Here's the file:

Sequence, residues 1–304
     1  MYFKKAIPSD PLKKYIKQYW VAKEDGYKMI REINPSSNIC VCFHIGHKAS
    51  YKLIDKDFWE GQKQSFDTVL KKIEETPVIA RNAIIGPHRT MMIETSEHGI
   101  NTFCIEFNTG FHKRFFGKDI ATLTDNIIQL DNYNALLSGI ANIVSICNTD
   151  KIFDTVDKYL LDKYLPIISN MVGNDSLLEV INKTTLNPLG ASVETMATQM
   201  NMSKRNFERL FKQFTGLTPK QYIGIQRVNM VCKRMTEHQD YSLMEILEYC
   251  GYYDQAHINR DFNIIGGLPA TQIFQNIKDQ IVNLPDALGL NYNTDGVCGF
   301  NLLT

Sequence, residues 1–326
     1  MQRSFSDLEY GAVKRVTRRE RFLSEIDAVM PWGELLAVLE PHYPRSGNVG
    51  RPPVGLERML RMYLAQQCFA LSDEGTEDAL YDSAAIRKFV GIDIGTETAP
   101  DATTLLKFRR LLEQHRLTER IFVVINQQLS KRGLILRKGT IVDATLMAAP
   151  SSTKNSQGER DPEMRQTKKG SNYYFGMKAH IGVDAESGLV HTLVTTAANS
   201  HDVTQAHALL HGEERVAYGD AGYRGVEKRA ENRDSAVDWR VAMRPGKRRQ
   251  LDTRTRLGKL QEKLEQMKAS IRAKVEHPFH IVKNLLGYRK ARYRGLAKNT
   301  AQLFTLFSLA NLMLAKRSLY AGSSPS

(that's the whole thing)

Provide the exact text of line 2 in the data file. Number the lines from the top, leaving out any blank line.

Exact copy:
     1  MYFKKAIPSD PLKKYIKQYW VAKEDGYKMI REINPSSNIC VCFHIGHKAS